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Thread: How much do You understand light? Technical

  1. #41

    Default Re: How much do You understand light? Technical

    SET #3

    #1 - Open window Front 3/4 right light




    #2 - Closed window Frot 3/4 right light




    #3 - Open window Tracing paper 3/4 right light


  2. #42

    Default Re: How much do You understand light? Technical

    SET #4

    #1 - Open window Right slightly behind light




    #2 - Closed window Right slightly behind light




    #3 - Open window Tracing paper Right slightly behind light




    Seems like even the shots with the tracing paper diffuser is still quite hard for my liking. SIGH...
    Last edited by Dream Merchant; 28th July 2007 at 04:47 PM.

  3. #43

    Default Re: How much do You understand light? Technical

    The black in the background creates hard contrast. You seem to be using a small aperature too, somewhere between f8 to f16? its a good start. try a light background, large aperture. overall softness is also affected by point of focus too. High passing will further sharpen pixels making everything harsher. avoid high passing if you don't need too.
    Last edited by Scriabinesque; 28th July 2007 at 10:34 PM. Reason: information left out

  4. #44

    Default Re: How much do You understand light? Technical

    Not being defensive, but I used the black board to block off my messy kitchen. LOL I didn't want to use the white side as that may have had a fill effect.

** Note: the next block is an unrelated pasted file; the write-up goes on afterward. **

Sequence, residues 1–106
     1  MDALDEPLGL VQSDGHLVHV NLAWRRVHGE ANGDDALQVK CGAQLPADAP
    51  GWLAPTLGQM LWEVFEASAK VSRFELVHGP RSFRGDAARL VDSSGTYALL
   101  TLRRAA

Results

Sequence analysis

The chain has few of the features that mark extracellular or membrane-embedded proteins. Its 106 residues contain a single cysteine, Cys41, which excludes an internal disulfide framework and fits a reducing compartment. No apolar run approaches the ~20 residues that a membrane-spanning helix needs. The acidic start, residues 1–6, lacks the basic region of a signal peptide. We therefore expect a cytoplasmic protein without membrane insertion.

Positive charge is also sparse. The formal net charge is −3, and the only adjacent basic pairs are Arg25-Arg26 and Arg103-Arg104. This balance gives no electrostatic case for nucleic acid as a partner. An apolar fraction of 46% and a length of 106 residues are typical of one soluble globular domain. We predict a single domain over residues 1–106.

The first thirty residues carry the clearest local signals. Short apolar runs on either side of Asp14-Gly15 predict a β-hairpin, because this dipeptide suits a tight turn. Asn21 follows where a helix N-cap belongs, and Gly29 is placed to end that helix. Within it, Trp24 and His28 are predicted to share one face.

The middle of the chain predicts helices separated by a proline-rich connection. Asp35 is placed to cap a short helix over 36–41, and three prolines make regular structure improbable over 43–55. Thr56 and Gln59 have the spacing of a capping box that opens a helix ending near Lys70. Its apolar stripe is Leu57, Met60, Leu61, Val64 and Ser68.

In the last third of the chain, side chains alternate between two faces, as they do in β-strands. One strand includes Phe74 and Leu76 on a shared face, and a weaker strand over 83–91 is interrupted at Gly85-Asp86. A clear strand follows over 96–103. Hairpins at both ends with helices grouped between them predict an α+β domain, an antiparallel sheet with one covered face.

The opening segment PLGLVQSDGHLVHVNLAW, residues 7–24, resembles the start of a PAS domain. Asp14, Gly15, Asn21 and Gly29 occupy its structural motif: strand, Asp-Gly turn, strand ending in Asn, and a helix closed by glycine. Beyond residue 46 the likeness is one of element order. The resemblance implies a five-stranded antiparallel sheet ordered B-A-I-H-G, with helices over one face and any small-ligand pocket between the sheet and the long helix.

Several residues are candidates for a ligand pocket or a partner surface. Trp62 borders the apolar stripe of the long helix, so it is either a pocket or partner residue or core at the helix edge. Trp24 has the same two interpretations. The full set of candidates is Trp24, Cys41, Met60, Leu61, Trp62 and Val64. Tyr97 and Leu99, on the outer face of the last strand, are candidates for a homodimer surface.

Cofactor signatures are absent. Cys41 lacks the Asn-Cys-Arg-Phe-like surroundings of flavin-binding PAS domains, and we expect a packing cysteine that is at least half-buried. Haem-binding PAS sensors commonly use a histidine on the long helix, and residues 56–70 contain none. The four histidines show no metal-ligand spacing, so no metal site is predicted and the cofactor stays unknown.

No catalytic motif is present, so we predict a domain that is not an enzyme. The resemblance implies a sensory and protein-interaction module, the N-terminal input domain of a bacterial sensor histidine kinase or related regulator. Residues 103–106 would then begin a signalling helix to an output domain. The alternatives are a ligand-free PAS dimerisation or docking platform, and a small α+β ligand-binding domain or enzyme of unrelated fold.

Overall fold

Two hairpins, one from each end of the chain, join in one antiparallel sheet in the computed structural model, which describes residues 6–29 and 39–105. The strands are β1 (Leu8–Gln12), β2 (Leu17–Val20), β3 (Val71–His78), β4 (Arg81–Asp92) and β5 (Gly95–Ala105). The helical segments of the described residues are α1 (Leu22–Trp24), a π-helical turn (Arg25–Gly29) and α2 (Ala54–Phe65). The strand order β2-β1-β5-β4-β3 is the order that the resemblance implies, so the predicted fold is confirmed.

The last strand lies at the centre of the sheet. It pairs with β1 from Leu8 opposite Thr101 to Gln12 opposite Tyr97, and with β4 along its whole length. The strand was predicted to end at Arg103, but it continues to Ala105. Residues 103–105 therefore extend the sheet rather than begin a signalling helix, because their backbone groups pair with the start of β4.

Apeture was f/7 as I wanted to get all the objects in focus for the test.

    I used high pass as I normall set my in-cam settings to neutral, which is a tad soft.

    I'll try what you suggested - lighter BG, open apeture and no HP.

  5. #45

    Default Re: How much do You understand light? Technical

    Quote Originally Posted by Dream Merchant View Post
    Not being defensive, but I used the black board to block off my messy kitchen. LOL I didn't want to use the white side as that may have had a fill effect.

    Apeture was f/7 as I wanted to get all the objects in focus for the test.

    I used high pass as I normall set my in-cam settings to neutral, which is a tad soft.

    I'll try what you suggested - lighter BG, open apeture and no HP.
    Are you getting direct light from the window? ie, the sun shines directly in? This will create quite a harsh lighting. It's best if the light that's coming in is diffused light from the clouds. In fact, the overcast days might be better to get what you wanted. Use a tripod because the exposure will then be quite slow around 1/15s if you use f/4 or f/5.6.

    For your tracing paper shots, I think you can still reduce the exposure by 1/2 to 1 stop. The shadow details are still ok because it's no longer that harsh but you need to take care of the highlights. Scriabinesque is right in saying that the black background might have misled you into thinking that the contrast is still too high. You should base your judgement using the shadow of the subject.

  6. #46

    Default Re: How much do You understand light? Technical

    Isisaxon,

    Those were shot on Sat afternoon - heavy overcast sky with light rain/drizzle all afternoon. Light comes in obliquely from the upper top left of the window, fairly scattered through clouds, and there's also another block of apartments 'screening' off some of the light.